Raising awareness for pediatric heart defects in Stanly County

Panthers tight end Greg Olsen’s charity helped Stanly County family

Feb 3, 2018; Minneapolis, MN, USA; Greg Olsen and wife Kara Dooley during red carpet arrivals for the NFL Honors show at Cyrus Northrop Memorial Auditorium at the University of Minnesota. Mandatory Credit: Brace Hemmelgarn-USA TODAY Sports

LOCUST — A 3-year-old Stanly County boy and his family are working to raise awareness a severe congenital heart defect. The resilient Hank Chavis, as his parents Brittany and Jared Chavis describe him, was born with a medical condition known as Tetralogy of Fallot with pulmonary atresia and spent most of his first six weeks of his life in the neonatal intensive care unit at Levine Children’s Hospital at Carolina HealthCare System in Charlotte.

Hank Chavis | Photo courtesy of the Chavis Family

He was fighting for his life and succeeded, but the road ahead of him remains a long one, filled with countless doctor’s appointments, surgeries and plenty of days of bed rest. Thanks to Carolina Panthers player Greg Olsen and his wife, Kara, however, Hank received in-home nursing care early on through the HEARTest Yard Program.

The HEARTest Yard Program, first established by Olsen and his wife in 2012, provides families of children affected by congenital heart disease and treated at Levine with a multitude of services including in-home, private nursing care, physical therapy, speech therapy and more at no cost. The charity is close to the Olsens’ hearts as parents of a child with a heart defect.

T.J. Olsen was born in 2012 with hypoplastic-left heart syndrome. The condition causes the left side of the heart to be severely underdeveloped. The couple’s HEARTest Yard Program, part of The Greg Olsen Foundation, was initially founded to provide support for families of infants treated for congenital heart disease, but now — as the Olsen’s son, and HEARTest Yard recipients grow — it looks to support those patients into adulthood by bringing together a team of medical professionals to provide access to services and care. That’s why this past November, the Olsens and HEARTest Yard donated $750,000 to Levine Children’s Hospital — funds set aside to create a cardiac neurodevelopmental program, a first-of-its-kind program in the region.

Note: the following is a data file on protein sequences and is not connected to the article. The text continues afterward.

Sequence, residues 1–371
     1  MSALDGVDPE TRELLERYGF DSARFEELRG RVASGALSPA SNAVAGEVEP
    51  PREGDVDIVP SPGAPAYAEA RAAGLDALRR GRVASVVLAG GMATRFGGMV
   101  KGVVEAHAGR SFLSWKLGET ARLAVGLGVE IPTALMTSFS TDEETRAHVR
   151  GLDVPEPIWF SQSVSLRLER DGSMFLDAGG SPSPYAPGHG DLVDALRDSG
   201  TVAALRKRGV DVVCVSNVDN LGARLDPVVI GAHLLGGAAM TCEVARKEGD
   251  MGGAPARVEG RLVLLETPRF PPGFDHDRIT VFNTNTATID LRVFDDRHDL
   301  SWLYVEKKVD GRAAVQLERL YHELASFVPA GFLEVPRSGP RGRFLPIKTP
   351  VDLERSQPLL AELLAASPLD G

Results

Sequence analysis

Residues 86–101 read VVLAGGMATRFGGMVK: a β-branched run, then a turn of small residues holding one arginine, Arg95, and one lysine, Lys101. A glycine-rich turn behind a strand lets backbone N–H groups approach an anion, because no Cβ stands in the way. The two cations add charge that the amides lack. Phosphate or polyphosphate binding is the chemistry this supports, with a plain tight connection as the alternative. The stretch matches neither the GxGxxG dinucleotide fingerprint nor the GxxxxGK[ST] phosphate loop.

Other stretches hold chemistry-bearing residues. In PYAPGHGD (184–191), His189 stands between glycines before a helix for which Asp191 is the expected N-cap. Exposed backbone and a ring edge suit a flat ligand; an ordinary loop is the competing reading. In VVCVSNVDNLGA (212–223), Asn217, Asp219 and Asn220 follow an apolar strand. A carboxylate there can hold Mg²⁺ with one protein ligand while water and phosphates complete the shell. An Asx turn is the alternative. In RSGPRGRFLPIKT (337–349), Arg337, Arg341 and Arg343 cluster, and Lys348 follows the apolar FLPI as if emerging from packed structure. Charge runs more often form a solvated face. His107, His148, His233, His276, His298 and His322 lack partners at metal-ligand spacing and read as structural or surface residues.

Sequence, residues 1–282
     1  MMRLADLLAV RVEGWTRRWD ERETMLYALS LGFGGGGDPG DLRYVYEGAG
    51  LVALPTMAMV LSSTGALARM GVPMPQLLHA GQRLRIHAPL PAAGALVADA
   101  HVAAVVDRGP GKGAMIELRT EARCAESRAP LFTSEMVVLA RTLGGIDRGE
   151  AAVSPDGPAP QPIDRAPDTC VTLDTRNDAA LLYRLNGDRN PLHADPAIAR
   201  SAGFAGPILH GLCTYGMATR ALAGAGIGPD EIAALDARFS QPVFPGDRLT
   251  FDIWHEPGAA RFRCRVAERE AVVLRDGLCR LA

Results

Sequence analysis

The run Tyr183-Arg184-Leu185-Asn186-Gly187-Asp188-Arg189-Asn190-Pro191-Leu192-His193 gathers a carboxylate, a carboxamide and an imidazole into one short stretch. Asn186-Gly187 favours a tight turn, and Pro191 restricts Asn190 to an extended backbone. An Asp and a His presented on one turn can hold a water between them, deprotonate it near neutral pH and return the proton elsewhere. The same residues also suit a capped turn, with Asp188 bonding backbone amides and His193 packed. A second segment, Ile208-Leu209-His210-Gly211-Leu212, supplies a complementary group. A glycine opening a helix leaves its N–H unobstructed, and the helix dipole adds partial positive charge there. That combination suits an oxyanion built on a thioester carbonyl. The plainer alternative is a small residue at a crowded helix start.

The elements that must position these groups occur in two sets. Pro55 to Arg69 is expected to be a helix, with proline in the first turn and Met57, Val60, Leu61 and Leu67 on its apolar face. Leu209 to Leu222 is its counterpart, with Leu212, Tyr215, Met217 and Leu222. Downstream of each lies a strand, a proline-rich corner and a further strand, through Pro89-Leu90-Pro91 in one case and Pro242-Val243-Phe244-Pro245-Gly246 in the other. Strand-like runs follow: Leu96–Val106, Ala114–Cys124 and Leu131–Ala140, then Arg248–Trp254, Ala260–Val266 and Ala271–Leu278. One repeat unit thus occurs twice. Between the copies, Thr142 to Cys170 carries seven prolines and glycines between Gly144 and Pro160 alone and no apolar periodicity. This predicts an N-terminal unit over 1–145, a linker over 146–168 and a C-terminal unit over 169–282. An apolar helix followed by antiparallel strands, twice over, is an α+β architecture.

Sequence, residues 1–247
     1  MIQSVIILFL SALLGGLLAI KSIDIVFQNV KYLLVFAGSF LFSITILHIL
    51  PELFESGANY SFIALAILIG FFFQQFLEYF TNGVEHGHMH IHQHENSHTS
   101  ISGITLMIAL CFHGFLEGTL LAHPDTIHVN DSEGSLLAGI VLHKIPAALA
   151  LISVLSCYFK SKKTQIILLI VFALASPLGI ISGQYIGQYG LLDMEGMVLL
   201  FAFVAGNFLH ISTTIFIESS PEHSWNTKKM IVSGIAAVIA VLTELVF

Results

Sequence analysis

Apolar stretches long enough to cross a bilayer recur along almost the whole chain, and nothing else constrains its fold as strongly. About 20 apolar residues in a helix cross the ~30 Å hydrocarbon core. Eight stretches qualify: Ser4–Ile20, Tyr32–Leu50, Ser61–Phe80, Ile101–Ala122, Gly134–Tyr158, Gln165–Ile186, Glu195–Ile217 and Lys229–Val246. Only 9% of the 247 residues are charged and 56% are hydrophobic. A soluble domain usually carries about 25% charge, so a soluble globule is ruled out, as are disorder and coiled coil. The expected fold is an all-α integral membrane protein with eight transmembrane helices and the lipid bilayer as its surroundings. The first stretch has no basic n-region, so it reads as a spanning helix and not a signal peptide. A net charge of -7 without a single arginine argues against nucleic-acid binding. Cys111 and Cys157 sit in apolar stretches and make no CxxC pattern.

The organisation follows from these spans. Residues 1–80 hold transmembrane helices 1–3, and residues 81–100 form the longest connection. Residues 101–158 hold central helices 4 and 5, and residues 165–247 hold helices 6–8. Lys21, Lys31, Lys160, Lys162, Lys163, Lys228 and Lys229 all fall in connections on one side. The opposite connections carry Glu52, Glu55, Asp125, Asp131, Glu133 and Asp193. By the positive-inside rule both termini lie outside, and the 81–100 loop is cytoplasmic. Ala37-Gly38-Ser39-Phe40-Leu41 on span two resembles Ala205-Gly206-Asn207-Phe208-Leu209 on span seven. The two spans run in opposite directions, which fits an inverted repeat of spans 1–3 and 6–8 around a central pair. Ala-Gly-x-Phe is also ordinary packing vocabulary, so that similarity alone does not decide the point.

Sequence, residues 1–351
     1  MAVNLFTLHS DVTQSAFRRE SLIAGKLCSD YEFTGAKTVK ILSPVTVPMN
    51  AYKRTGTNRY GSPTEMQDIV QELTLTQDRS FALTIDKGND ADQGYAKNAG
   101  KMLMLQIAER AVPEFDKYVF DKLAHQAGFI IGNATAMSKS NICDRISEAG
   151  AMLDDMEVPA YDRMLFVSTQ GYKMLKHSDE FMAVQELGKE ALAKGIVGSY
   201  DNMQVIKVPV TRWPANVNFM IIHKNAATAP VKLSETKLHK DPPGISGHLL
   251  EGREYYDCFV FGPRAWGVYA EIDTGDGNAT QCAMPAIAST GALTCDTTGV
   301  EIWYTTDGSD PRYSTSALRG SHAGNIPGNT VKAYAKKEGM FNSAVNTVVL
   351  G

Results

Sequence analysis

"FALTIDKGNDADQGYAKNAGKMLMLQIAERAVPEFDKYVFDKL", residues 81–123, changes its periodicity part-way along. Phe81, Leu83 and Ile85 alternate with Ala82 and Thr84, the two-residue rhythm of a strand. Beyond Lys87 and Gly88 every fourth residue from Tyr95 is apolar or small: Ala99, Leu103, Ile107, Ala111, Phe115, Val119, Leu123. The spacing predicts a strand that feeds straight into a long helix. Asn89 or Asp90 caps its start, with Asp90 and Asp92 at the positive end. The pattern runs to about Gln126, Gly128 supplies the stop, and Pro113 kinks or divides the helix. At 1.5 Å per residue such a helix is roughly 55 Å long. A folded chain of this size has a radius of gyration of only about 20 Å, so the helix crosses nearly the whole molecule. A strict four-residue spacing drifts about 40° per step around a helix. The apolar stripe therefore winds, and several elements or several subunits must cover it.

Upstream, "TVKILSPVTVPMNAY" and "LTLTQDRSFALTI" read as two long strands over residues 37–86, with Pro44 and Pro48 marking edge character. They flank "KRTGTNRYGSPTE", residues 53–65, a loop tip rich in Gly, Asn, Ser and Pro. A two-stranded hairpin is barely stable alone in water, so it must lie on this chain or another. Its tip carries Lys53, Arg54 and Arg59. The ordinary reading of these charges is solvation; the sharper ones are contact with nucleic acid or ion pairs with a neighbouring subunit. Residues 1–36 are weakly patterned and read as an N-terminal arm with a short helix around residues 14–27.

For his charitable efforts, Olsen was a finalists for last year’s Walter Payton Man of the Year award, the second straight year he was one of three finalists for the honor.

Young Hank Chavis’ parents say they are grateful for the support they have received from the HEARTest Yard Program because it “fills direct needs of parents who are in our shoes, raising a child with congenital heart disease.” To bring attention to their son’s medical condition and the good work of the HEARTest Yard Program, they are hosting two events on March 3 at Meadow Creek Farm in Locust.

The first event is a SuperHeroes Breakfast from 9-11 a.m. Tickets are $5 per person and include breakfast and event activities. The second event, A Night to Benefit the HEARTest Yard Foundation, includes dinner and beverages, plus music by DJ NightShift. Tickets are $20 per person. Tickets to both events will be sold at the door and can also be purchased at Stanly Appliance prior to event.